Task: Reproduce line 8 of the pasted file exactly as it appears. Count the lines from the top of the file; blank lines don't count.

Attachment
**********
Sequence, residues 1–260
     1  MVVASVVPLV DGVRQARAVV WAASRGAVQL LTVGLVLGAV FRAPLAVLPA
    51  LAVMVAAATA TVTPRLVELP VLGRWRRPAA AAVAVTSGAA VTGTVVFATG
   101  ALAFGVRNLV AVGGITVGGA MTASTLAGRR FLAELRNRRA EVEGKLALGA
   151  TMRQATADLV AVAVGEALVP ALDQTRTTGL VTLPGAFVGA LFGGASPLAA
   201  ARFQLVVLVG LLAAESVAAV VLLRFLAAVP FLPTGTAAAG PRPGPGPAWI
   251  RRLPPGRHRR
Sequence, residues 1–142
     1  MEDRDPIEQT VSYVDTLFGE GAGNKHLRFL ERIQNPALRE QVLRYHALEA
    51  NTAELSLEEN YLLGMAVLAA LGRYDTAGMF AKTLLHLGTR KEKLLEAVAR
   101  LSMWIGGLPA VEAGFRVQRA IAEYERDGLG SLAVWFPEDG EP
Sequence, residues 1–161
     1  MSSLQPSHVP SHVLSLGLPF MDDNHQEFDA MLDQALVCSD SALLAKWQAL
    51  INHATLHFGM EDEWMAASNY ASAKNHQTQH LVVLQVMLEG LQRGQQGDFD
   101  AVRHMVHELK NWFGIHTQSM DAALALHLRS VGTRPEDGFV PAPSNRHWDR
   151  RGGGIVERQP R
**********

Sequence, residues 1–142